Judge Sides With Statewide Teachers Union In Florida School Reopen Lawsuit
A Leon County judge is siding with the statewide teachers union in the legal fight over reopening brick and mortar schools in the Fall. The state is appealing the decision.
The Florida Education Association brought the suit against the state Department of Education and Governor Ron DeSantis, alleging the order to reopen campuses by the end of August is unconstitutional. The state constitution requires public schools to be “safe.”
Second Judicial Circuit Judge Charles Dodson agreed with the FEA – in a ruling released Monday afternoon, he granted the teachers union’s request for a temporary injunction.
In his ruling, Dodson wrote that he did find the order unconstitutional, saying the state “essentially ignored the requirement of school safety by requiring the statewide opening of brick-and-mortar schools to receive already allocated funding.”
The state’s order would withhold funding from district that don’t open campuses by the end of August.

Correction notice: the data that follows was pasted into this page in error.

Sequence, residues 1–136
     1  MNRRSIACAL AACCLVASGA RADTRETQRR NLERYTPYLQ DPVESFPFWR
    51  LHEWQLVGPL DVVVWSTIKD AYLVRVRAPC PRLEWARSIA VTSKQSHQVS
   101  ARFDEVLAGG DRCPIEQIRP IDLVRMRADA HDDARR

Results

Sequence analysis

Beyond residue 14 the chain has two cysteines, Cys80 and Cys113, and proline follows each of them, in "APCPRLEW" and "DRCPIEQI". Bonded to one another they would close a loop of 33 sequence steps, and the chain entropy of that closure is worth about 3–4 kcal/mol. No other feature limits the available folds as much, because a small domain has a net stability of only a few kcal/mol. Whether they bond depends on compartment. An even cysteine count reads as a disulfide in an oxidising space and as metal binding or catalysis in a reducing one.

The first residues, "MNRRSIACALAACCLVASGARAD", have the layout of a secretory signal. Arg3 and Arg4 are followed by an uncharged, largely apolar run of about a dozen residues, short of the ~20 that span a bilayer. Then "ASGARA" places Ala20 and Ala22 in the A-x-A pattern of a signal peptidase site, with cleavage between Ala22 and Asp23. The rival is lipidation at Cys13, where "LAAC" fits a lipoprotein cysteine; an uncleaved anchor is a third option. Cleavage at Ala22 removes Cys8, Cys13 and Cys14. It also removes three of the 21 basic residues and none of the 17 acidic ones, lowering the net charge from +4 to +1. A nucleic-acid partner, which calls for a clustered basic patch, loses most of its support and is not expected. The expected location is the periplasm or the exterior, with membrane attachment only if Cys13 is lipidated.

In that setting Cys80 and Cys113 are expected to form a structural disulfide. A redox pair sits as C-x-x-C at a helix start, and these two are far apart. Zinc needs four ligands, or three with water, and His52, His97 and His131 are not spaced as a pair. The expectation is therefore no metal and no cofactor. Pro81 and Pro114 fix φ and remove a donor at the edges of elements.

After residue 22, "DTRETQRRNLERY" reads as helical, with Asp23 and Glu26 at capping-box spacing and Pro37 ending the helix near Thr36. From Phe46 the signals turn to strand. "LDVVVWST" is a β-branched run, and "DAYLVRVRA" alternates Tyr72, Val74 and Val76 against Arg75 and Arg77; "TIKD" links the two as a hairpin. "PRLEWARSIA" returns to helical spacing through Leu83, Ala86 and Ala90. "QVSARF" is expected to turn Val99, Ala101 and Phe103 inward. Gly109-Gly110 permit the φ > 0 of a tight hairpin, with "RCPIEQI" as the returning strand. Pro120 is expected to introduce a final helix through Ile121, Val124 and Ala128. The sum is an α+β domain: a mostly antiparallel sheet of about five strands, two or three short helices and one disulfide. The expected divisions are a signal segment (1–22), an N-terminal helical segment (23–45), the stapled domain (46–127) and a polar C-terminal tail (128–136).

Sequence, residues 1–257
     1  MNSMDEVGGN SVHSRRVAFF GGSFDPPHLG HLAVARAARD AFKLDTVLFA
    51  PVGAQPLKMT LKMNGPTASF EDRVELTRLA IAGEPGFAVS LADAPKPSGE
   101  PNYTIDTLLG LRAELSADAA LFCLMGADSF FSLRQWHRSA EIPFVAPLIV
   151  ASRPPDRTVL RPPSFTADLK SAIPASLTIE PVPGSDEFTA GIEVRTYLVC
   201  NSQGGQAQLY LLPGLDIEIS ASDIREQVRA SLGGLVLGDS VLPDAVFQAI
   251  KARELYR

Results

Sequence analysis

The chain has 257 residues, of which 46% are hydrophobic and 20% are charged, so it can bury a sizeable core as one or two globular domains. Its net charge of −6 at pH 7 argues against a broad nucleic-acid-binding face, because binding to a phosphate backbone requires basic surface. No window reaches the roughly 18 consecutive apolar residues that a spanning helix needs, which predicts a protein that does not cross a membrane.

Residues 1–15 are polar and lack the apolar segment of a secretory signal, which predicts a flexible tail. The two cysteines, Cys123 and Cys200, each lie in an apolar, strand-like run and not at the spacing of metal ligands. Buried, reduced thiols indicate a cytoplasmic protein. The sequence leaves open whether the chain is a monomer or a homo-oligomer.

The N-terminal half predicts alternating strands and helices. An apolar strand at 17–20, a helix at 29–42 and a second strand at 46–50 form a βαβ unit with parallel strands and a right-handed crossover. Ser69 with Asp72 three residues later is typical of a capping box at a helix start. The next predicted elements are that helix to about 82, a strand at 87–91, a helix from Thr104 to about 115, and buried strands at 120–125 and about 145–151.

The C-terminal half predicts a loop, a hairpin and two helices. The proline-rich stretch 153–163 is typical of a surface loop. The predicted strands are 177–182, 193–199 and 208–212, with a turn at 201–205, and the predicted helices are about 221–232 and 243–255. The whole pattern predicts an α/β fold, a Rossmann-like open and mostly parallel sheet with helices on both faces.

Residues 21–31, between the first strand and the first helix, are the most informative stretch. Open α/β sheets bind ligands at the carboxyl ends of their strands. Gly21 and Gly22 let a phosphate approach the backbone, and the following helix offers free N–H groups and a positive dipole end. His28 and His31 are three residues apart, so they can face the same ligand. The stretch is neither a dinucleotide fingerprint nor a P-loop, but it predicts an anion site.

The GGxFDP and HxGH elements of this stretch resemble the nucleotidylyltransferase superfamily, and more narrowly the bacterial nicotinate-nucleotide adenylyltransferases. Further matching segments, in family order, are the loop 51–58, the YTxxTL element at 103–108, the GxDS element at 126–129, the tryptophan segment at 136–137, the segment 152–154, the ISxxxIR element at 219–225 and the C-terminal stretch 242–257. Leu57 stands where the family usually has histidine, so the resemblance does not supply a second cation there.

Dodson also says in his ruling the state did not provide district school boards with local control over the decision to reopen.
Kendall Coffey, an attorney for the FEA, said Monday that Dodson’s ruling gives that local control back.
“The opening decision is now in the hands of the school districts, and if in fact the school districts determine, based on their data, as we described, getting the best available local medical expertise on local conditions,” Coffey said in a Zoom press conference following the ruling’s release.
Fedrick Ingram, the teachers union’s president, heralded Dodson’s decision as a victory for educators, families and school support staff. He urged the state not to appeal:
“Mr. Corcoran, Mr. DeSantis, do not spend taxpayers’ money trying to appeal this case. We’re asking you – lets work together, let’s be guided by science. This is not a win where we go and hang our head and beat our chest. People are dying in our state,” Ingram said. “It is out of control that we do not have this virus under wraps.”
But, little over two hours after the ruling came down, Education Commissioner Richard Corcoran did announce intent to file an appeal. Corcoran said in a statement he is “100 percent confident” the state will win the lawsuit on appeal.
Corcoran also encouraged families of parents who want to resume in-person learning to call the FEA and tell them to drop the lawsuit, which he calls “frivolous.”
Meanwhile, with the appeal underway, Leon County Schools Superintendent Rocky Hanna says the district will go forward with in-person learning at the end of the month. In a statement, Hanna says he welcomes Dodson’s ruling, but in anticipation of the appeal will gear up to welcome back about 15,000 students to campuses.